Personally, when it comes to my opinions about welfare programs, the main thing I care about is for the government to spend as little money as possible. This is also the motivation behind the Harvest Box. There’s nothing sadistic, nasty, patronizing, ugly, or insulting about wanting to save money. It has nothing to do with any stereotypes and nothing to do with how hardworking or trustworthy recipients are. It has nothing to do with trashing anyone. It’s simply about what financially makes the most sense.

To make things worse, when discussing corn and sugar subsidies, Abraham writes, “Only the poor are stigmatized for eating the dreck marketed relentlessly to all; not Trump, whose diet is appalling.” First of all, this statement is false: when Abraham, a columnist in a major newspaper, describes Trump’s eating habits as “appalling,” then Trump’s eating habits are indeed being stigmatized, at least by one newspaper columnist. Additionally, this is hypocritical. Abraham uses words such as “nasty” and “ugliness” to describe a policy idea that she disagrees with, yet by choosing to call another person’s eating habits “appalling,” she is the one being nasty and insulting.

How about voicing and arguing for your opinions without personally attacking those who disagree with you?

bookmark_borderNo, Roy Halladay did not “get what he deserved”

Talk radio host Michael Felger recently made some pretty insulting comments about the tragic death of retired pitcher Roy Halladay.

“It just sort of angers me. You care that little about your life? About the life of your family? Your little joyride is that important to you that you’re going to risk just dying? You’re a multimillionaire with a loving family, and to you, you have to go get that thing where you can dive-bomb from 100 feet to 5 above the water with your single-engine plane with your hand out the window… He got what he deserved.”

Halladay, an amateur pilot, died when he accidentally crashed his plane. I’m going to add my voice to the chorus of those criticizing Felger’s comments. I don’t understand why someone would be angered by another person’s choice of hobby. Flying a plane is a risky activity, and Halladay certainly knew that choosing such a hobby entailed some chance of injury or death… and he had every right to make that choice. The fact that he willingly took a risk doesn’t make his death deserved. It means that he had bad luck and was the victim of a tragic accident.

Felger seems to think that Halladay did something wrong by choosing a risky hobby, especially given the fact that he had a wife and children. I strongly disagree with this. Having a family does not negate a person’s right to choose how to spent his or her time or which hobbies to pursue. Halladay was not risking the life of his family; he was only risking his own. Of course, all of his family members must be grief-stricken at his death, but that does not give family members the right to dictate which activities someone can pursue, nor does it mean that he wronged his family members in any way. It was his body and his life, and he had every right to take the risk that he took.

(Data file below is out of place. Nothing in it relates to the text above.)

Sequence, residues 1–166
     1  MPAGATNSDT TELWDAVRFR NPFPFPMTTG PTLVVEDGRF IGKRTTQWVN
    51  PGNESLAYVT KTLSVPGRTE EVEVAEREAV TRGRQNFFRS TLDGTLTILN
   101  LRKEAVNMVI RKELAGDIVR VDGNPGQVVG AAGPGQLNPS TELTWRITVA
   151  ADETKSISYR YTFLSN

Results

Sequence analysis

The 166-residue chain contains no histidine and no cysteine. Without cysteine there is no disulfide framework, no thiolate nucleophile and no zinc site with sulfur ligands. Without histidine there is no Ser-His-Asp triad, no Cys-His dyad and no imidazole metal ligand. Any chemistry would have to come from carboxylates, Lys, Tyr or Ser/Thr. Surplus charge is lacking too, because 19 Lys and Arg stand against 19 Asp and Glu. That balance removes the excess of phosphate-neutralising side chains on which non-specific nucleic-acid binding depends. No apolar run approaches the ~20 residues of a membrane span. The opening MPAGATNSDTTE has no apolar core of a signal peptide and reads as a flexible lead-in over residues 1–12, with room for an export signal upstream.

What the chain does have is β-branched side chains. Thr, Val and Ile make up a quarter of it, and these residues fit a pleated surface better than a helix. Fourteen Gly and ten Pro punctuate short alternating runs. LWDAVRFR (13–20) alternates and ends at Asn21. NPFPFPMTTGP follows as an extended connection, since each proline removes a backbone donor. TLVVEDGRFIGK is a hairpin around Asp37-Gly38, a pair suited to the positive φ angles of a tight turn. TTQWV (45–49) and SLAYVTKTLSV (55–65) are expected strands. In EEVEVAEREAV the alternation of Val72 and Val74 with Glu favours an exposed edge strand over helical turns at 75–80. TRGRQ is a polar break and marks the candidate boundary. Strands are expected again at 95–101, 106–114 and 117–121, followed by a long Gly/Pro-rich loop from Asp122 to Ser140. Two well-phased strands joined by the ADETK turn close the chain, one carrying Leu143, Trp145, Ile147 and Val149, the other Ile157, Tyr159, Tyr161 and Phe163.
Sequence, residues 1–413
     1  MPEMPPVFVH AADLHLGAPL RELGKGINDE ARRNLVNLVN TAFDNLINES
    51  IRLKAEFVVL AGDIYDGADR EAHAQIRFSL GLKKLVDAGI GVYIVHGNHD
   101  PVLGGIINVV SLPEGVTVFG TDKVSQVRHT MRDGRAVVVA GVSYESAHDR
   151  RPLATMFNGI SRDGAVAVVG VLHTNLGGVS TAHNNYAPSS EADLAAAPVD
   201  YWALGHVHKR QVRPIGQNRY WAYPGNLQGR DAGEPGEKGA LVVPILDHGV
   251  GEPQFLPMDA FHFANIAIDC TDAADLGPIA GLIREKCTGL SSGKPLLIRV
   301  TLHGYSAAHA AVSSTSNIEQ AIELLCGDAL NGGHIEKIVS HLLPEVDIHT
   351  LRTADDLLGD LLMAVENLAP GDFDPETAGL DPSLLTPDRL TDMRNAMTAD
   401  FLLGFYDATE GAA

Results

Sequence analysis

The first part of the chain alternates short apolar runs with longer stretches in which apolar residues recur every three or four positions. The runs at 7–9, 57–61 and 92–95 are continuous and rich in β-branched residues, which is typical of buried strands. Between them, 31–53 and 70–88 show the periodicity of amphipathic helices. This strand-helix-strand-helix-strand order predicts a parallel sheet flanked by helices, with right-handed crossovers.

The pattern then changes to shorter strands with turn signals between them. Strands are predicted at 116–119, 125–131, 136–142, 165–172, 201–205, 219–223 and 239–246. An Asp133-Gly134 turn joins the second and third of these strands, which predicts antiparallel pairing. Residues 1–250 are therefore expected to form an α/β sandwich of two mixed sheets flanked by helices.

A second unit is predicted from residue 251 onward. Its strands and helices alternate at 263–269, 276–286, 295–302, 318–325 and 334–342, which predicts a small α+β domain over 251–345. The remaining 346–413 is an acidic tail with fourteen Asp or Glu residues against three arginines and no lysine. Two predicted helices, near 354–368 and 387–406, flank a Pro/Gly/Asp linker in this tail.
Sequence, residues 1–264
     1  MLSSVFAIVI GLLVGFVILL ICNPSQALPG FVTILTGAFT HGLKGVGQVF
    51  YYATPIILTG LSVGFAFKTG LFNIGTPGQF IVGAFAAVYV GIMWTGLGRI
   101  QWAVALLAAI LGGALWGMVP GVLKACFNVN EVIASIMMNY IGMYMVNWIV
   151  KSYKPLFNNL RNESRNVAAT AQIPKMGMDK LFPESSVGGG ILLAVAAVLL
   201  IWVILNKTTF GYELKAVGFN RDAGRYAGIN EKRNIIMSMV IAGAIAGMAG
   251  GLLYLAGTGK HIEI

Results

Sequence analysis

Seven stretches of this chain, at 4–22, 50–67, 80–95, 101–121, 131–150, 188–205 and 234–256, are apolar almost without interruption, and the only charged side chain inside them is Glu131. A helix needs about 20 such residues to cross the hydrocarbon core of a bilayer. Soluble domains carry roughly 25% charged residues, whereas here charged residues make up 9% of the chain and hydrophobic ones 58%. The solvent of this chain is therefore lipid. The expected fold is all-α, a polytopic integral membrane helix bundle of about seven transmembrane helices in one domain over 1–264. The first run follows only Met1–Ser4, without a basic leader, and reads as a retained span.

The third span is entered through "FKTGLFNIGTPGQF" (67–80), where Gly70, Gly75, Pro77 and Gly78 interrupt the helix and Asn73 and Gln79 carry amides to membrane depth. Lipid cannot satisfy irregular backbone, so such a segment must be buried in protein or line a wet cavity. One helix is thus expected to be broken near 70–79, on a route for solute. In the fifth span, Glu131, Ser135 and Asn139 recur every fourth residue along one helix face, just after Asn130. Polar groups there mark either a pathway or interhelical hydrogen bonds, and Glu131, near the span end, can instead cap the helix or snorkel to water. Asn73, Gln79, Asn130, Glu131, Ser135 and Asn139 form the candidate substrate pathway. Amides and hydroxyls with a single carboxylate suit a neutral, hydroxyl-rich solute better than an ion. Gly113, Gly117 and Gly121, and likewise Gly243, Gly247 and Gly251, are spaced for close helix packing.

bookmark_borderThe Las Vegas shooting was terrible, but that does not make it terrorism

Countless people on Twitter, Tumblr, and all over the internet have been calling Las Vegas shooter Stephen Paddock a terrorist. They have been criticizing the news media for not labeling Paddock a terrorist, claiming that the only reason he’s not called a terrorist is because he is white.

Continue reading “The Las Vegas shooting was terrible, but that does not make it terrorism”

bookmark_borderMy thoughts on Charlottesville & Boston, and why Trump is 100% right

When you have a crowd of 40,000 people protesting against a rally of a few dozen people, you cannot claim that the few dozen people are the oppressors.

The pictures above show the Free Speech Rally that took place on Boston Common on Saturday (right) and the crowd of people who decided to protest against it (left).

Pretty much everyone agrees that slavery and Jim Crow laws were bad, but our society has reached a point where things have gone too far in the opposite direction. The people who claim to be against hate, discrimination, and prejudice are actually more hateful, discriminatory, and prejudiced than the people they are protesting against. Continue reading “My thoughts on Charlottesville & Boston, and why Trump is 100% right”